Sodium pentobarbital is a barbiturate used to euthanize dogs, cats, and to some extent, cattle and horses, many of which go into the making of pet food. According to a 1995 study by the University of Minnesota that looked at sodium pentobarbital in the bodies of dead animals, the drug “survived the rendering without undergoing degradation.” About the same time, the CVM began to receive reports from vets that pentobarbital appeared to be losing its efficacy in dogs being euthanized. A plausible theory was that the dogs had been exposed to pentobarbital through the foods they were ingesting, making them resistant to the drug’s effect.
In 1998, the CVM began testing various dry dog foods to ascertain levels of this drug in pet foods. Seventy-five foods were tested and approximately half of those contained levels of sodium pentobarbital. Some of the brands in which sodium pentobarbital was detected were America’s Choice, Dad’s, Heinz Pet Gold, Ken- L-Ration, Kibble Select, Ol’ Roy, ProPlan, Reward, Richfood, Super G, and Weis. However, the CVM stated, “[I]t is highly unlikely a dog consuming dry dog food will experience any adverse effects from exposures to low levels of pentobarbital.” While acknowledging that any amount found in human food would require the product to be removed from the shelves immediately, the agency said it had no plans to take steps to have this drug removed from commercial pet food.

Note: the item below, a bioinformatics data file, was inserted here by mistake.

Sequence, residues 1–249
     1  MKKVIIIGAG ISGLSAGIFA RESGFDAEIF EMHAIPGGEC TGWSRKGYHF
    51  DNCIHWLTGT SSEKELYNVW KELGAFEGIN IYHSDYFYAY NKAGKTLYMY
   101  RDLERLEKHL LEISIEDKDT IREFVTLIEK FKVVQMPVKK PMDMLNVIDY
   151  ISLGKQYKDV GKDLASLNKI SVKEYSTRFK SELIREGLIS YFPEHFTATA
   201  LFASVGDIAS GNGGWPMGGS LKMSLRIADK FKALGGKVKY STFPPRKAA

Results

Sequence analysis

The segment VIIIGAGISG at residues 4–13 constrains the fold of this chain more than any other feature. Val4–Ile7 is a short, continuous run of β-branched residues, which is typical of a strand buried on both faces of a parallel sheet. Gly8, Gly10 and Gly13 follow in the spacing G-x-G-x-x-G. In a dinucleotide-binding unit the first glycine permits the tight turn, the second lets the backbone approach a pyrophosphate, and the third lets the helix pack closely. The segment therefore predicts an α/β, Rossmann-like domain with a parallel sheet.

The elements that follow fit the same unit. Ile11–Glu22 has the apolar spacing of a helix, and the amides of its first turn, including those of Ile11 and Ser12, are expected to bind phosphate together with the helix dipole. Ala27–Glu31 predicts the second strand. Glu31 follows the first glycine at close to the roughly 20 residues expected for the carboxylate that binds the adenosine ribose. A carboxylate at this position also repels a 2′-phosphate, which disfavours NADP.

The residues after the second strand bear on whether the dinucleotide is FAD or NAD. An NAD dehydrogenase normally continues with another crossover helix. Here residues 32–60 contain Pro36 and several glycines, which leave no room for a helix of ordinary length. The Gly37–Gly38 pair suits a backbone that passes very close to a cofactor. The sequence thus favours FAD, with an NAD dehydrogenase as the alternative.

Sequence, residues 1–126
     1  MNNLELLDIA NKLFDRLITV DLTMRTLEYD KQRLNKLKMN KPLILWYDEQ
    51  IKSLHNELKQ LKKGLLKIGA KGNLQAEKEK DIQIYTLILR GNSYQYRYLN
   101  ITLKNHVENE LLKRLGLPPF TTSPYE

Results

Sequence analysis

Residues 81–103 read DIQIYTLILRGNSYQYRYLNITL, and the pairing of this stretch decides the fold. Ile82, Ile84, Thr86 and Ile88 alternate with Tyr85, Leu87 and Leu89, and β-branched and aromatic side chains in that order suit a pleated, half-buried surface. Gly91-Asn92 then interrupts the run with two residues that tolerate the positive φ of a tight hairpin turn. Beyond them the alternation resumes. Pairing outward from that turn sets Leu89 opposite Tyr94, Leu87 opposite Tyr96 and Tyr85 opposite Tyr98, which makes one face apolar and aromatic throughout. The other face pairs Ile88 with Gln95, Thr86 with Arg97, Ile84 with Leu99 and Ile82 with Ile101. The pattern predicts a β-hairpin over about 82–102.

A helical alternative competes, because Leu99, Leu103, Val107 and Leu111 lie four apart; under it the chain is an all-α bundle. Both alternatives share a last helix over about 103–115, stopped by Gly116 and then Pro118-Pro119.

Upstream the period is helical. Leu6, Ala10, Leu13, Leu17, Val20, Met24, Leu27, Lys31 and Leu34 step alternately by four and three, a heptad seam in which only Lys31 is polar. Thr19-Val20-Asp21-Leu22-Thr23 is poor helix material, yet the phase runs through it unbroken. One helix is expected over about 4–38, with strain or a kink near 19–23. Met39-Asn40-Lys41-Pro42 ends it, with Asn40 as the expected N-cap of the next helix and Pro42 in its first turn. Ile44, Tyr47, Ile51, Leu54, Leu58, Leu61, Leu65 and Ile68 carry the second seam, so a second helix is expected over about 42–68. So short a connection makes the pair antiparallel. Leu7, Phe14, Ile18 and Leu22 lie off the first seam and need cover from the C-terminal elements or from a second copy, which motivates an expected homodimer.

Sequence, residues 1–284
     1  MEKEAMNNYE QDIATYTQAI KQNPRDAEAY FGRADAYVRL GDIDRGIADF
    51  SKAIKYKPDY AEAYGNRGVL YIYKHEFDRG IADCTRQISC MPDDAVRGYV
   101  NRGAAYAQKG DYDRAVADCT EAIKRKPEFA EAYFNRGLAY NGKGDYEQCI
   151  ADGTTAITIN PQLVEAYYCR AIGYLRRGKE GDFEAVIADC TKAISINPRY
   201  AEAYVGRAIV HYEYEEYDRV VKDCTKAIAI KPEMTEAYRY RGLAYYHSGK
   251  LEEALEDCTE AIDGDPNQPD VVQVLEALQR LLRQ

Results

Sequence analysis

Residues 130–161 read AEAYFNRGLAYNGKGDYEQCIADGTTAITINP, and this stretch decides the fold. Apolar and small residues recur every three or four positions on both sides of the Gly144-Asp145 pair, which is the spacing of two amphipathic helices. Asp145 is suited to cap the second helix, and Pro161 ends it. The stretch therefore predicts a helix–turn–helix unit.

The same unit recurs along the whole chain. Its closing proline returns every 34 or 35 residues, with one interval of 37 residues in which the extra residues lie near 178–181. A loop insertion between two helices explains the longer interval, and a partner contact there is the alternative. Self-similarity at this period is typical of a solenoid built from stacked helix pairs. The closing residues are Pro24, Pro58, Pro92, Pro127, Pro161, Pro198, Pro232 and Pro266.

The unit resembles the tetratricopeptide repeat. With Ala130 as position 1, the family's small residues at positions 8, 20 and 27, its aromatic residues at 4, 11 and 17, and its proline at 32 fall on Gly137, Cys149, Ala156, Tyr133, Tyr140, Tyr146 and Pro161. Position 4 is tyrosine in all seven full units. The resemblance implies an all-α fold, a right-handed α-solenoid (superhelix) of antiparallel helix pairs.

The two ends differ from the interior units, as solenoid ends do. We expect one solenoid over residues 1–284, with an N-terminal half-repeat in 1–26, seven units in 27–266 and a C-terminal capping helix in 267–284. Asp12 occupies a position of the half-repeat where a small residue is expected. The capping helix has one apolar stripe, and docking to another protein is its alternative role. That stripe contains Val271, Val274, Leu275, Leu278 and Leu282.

If pet food is both devoid of nutrients and laced with drugs and/or pathogens, the assault on the systems of our pets can be profound. Much has been written on the correlation between diseases such as arthritis and diabetes in our animal friends and the food they eat. They are no different from us in their vital need for highly nutritious food to support their health.
Ann Martin is author of the revised and updated Food Pets Die For as well as Protect Your Pet (both New Sage Press).
"Let Thy Food Be Thy Medicine"
Take nothing but pictures, leave nothing but footprints.
:love: ~Akitas Are Love~ :love:
I mostly agree except for "Whole Wheat". I would avoid that too as it tends to be a major culprit in allergies.
I also wish that these guys would study holistic foods more because they get lumped in the stereotype anyway...